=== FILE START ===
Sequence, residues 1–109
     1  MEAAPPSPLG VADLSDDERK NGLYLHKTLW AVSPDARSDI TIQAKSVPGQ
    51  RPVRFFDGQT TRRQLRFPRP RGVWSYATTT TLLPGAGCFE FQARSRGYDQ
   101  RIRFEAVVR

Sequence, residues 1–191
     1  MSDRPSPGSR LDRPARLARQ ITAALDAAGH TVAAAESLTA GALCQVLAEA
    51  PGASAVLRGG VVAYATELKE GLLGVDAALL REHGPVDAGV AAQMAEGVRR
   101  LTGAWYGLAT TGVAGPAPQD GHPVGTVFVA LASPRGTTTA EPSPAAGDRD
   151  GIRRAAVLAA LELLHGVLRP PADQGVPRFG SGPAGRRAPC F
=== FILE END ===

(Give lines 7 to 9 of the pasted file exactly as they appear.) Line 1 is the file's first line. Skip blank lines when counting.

    51  PGASAVLRGG VVAYATELKE GLLGVDAALL REHGPVDAGV AAQMAEGVRR
   101  LTGAWYGLAT TGVAGPAPQD GHPVGTVFVA LASPRGTTTA EPSPAAGDRD
   151  GIRRAAVLAA LELLHGVLRP PADQGVPRFG SGPAGRRAPC F